An American Treasure, the 60-track Tom Petty retrospective boxset will be released September 28 via Reprise Records.
Mastered by Ryan Ulyate, longtime Petty mix/recording engineer and the set’s co-producer, with Chris Bellman, award-winning Grundman mastering engineer, the massive collection includes previously unreleased tracks, alternate versions of classics, historic live recordings and deep album cuts.
“This will be the first release after Tom passed away," said Ryan Ulyate. “Basically, the family wanted to put something out that would honor him, and also introduce people to some of the deeper tracks that Tom produced. I collaborated with Tom's daughter Adria, his wife Dana, and with Mike Campbell and Benmont Tench, both of whom produced the collection with me. Together, we came up with a list of songs that spans his entire career. There are tracks that people have heard before, some new versions of songs that have never been released, and some new songs that people haven't heard at all. The first song is from 1976, so we have material from the very first tape to the very last thing he did.”
Mastering engineer Chris Bellman added: “Ryan and I spent a lot of time with that exact problem. Trying to make everything cohesive while jumping from era to era was definitely a challenge, but I think we've accomplished that, and the listener should have a very good experience hearing it chronologically.”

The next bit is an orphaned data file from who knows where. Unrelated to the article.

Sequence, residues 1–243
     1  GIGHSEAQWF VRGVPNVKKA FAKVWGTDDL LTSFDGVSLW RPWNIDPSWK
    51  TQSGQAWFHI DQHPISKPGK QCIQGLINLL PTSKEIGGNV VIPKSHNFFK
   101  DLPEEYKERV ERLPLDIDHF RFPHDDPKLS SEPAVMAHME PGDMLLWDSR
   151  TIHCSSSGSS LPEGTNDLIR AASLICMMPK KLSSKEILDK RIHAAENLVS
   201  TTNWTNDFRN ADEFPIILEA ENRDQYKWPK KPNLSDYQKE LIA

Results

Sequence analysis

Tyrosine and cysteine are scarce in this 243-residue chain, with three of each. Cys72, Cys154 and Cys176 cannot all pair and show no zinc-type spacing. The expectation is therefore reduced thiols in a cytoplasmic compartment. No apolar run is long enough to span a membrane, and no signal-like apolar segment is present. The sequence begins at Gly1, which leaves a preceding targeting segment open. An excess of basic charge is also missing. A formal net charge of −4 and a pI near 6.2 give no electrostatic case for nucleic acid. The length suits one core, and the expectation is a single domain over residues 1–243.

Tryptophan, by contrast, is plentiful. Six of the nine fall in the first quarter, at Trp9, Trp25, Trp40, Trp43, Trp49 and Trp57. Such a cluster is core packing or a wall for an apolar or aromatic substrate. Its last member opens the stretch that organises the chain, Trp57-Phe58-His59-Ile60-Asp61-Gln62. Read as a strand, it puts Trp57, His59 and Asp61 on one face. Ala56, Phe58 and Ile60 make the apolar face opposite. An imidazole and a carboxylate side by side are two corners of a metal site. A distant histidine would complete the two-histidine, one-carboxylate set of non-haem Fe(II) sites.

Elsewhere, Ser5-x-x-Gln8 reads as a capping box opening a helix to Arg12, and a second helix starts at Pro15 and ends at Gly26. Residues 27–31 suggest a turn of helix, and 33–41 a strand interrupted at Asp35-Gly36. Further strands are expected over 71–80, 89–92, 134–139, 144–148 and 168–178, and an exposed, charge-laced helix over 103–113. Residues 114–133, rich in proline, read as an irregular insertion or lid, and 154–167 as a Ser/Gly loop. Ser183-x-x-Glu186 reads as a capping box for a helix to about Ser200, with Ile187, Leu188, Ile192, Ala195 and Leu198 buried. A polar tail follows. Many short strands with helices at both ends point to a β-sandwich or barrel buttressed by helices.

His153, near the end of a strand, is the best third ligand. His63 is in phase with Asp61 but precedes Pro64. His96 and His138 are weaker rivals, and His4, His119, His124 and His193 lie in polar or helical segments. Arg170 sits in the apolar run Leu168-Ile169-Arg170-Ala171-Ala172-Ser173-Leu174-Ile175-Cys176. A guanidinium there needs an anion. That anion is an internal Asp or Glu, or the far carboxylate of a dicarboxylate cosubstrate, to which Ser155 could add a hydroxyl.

Ulyate added: “Our main focus is Tom's voice, in the sense that in every one of these songs he's talking to you. We focused on keeping the vocals at a certain level of presence, so sometimes the track gets a little more hi-fi, sometimes the track gets a little more lo-fi, depending on when it was recorded, but Tom’s voice is always right in front of you.”
An American Treasure features rarities, historic live performances and deeper tracks.
Available for preorder, the set comes out on two-CD, four-CD and six-LP incarnations. A super deluxe limited edition of the four-CD version includes an 84-page hardcover book, a lithograph of the Shepard Fairey cover art, a limited number of reproduced, handwritten lyric sheets from four songs, and a link to download all 60 songs in Hi-Res (24bit 96K) format..
Said Ulyate: "One thing that's different about what we're doing here in mastering is unlike the typical situation where I would come in with finished stereo masters. I brought in my Pro Tools sessions and my rig. Rather than just being able to adjust the overall EQ of the mix, we can get into the details and adjust any element individually. We might find that the track is sitting in the right place, but the vocal is a little low.
"Rather than trying to do that with the EQ, as you would in typical mastering, I can bring up the individual track. Maybe we add some brightness to the track, but it makes the vocal harsh. Chris can add brightness to the track, and I can soften the vocals, so we have a lot more moving parts here. That additional degree of control helped us cohesively finalise a collection that goes across 40 plus years.”